Hostname: page-component-848d4c4894-nr4z6 Total loading time: 0 Render date: 2024-05-20T03:24:20.224Z Has data issue: false hasContentIssue false

A Pilot Study Measuring the Impact of Yoga on the Trait of Mindfulness

Published online by Cambridge University Press:  15 September 2009

Danielle V. Shelov*
Yeshiva University, New York, USA
Sonia Suchday
Yeshiva University, New York, USA
Jennifer P. Friedberg
VA New York Harbor Healthcare System and NYU School of Medicine, USA
Reprint requests to Danielle Shelov, Ferkauf Graduate School of Psychology, Albert Einstein College of Medicine, Yeshiva University, 1300 Morris Park Avenue, Bronx NY, 10461, USA. E-mail:


Background: The current study examined whether yoga would increase levels of mindfulness in a healthy population. Method: Forty-six participants were randomly assigned to an 8-week yoga intervention group or a wait-list control group. Mindfulness was assessed pre and post yoga, using the Freiburg Mindfulness Inventory (FMI). Results: Results indicate that the yoga group experienced a significant increase in Overall mindfulness, and in three mindfulness subscales; Attention to the present moment, Accepting and open attitudes toward experience, and Insightful understanding (p < .01). The control group experienced a significant increase in overall mindfulness (p < .02) and insightful understanding (p < .01). Findings suggest that a yoga intervention may be a viable method for increasing levels of trait mindfulness in a healthy population, potentially implicating yoga as a preventive method for the later development of negative emotional mood states (i.e. anxiety and depression). The control group also experienced moderate elevations of mindfulness at the second assessment.

Brief Clinical Reports
Copyright © British Association for Behavioural and Cognitive Psychotherapies 2009

Access options

Get access to the full version of this content by using one of the access options below. (Log in options will check for institutional or personal access. Content may require purchase if you do not have access.)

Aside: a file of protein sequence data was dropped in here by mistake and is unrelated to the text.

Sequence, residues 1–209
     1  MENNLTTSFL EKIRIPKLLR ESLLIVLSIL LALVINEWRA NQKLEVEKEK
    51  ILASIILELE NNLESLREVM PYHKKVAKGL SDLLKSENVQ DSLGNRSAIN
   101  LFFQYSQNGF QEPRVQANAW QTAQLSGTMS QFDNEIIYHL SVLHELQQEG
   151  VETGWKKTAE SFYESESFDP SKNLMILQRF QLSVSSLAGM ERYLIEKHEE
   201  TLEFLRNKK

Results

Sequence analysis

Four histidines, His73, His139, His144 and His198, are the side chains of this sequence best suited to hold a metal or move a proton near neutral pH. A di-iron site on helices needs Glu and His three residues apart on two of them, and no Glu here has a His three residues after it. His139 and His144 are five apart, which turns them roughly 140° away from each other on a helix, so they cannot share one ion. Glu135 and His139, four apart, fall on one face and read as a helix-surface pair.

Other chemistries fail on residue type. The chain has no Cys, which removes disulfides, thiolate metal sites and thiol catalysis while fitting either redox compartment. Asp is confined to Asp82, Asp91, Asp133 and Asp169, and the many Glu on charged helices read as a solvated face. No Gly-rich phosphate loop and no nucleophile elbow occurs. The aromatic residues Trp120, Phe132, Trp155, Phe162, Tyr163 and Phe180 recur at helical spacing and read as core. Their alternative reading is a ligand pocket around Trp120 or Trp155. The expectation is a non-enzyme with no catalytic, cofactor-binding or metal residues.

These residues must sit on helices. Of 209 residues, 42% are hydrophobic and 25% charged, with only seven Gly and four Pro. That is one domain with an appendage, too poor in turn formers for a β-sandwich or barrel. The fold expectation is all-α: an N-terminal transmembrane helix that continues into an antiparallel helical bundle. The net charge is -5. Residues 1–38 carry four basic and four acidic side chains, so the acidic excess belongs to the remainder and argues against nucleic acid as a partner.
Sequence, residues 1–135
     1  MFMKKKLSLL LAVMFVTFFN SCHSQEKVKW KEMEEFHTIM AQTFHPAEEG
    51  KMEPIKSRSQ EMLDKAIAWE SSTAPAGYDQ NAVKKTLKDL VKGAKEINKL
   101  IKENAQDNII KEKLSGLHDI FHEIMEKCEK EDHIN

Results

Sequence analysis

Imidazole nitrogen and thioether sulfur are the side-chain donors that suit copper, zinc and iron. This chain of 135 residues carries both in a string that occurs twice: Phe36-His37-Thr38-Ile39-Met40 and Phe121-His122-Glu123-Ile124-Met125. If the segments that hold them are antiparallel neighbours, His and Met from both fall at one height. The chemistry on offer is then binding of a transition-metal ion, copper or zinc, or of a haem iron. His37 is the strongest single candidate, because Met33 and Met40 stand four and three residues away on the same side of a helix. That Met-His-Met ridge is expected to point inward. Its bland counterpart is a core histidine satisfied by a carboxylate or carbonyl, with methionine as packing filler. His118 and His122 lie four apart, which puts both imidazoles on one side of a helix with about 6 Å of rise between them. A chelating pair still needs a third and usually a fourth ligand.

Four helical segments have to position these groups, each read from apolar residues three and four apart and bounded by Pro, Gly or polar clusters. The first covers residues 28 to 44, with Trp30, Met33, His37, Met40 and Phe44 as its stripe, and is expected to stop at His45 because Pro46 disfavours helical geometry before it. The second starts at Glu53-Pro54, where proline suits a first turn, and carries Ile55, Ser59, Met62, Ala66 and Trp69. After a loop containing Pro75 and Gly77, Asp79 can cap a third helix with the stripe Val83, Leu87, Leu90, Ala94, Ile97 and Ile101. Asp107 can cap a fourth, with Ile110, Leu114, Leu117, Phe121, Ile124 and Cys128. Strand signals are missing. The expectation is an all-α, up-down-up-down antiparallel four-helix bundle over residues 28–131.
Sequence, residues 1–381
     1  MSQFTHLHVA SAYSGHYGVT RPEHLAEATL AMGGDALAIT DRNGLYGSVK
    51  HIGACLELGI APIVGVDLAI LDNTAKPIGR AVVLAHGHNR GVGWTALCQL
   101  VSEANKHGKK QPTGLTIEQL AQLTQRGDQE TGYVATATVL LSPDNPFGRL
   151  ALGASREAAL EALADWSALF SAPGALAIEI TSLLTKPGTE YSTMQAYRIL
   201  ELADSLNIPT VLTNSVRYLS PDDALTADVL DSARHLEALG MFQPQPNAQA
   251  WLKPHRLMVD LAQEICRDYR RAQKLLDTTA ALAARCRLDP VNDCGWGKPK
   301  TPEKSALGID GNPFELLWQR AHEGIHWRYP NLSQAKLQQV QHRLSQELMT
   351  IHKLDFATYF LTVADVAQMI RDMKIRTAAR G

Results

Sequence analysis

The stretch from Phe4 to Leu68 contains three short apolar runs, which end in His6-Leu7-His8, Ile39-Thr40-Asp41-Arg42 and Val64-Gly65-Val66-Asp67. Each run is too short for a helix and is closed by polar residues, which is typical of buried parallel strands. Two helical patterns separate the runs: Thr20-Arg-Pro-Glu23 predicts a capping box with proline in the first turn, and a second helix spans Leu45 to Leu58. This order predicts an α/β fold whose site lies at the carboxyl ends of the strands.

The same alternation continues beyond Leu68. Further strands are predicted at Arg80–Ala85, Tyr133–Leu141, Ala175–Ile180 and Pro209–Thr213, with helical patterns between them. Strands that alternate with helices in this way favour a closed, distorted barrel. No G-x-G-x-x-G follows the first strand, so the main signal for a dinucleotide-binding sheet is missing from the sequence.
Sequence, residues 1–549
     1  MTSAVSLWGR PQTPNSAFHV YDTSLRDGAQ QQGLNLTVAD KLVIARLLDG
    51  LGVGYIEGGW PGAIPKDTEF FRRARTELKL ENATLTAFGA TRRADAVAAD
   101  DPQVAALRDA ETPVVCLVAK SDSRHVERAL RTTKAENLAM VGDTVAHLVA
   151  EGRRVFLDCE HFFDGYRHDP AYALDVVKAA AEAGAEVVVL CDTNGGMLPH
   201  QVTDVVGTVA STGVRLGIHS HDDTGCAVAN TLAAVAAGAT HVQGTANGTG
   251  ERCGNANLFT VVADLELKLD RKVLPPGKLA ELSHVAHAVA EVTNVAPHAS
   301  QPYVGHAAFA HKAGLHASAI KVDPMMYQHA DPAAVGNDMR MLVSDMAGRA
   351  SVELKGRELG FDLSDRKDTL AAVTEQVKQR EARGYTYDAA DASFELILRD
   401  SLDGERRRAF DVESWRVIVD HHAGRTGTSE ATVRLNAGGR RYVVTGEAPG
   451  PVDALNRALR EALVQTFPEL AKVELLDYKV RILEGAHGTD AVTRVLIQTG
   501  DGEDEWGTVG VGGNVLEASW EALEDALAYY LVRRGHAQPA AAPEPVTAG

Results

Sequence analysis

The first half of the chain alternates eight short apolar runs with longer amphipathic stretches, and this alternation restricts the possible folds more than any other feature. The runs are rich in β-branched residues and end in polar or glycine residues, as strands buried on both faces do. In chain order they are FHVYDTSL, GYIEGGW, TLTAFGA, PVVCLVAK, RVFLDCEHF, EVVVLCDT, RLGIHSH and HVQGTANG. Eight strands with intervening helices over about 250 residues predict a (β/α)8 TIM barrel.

Bucheld, N. and Walach, H. (2002). Mindfulness in Vipassana meditation psychotherapy: development of the Freiburg Mindfulness Questionnaire. Psychiatrie and Psychotherapie, 50, 153172.Google Scholar
Bucheld, N., Grossman, P. and Walach, H. (2001). Measuring mindfulness in insight meditation (Vipassana) and meditation-based psychotherapy: the development of the Freiburg Mindfulness Inventory (FMI). Journal for Meditation and Meditation Research, 1, 1134.Google Scholar
Kabat-Zinn, J. (1982). An outpatient program in behavioral medicine for chronic pain based on the practice of mindfulness meditation: theoretical considerations and preliminary results. General Hospital Psychiatry, 4, 3347.CrossRefGoogle ScholarPubMed
Kristellar, J. L. and Hallett, C. B. (1999). An exploratory study of a meditation-based program for binge-eating disorder. Journal of Health Psychology, 4, 357363.CrossRefGoogle Scholar
Ma, S. H. and Teasdale, J. (2004). Mindfulness-based cognitive therapy for depression: replication and exploration of differential relapse prevention effects. Journal of Counseling and Clinical Psychology, 72, 3140.CrossRefGoogle ScholarPubMed
Miller, J., Fletcher, K. and Kabat-Zinn, J. (1995). Three-year follow-up and clinical implications of a mindfulness mediation based stress reduction intervention in the treatment of anxiety disorders. General Hospital Psychiatry, 17, 192200.CrossRefGoogle Scholar
Submit a response


No Comments have been published for this article.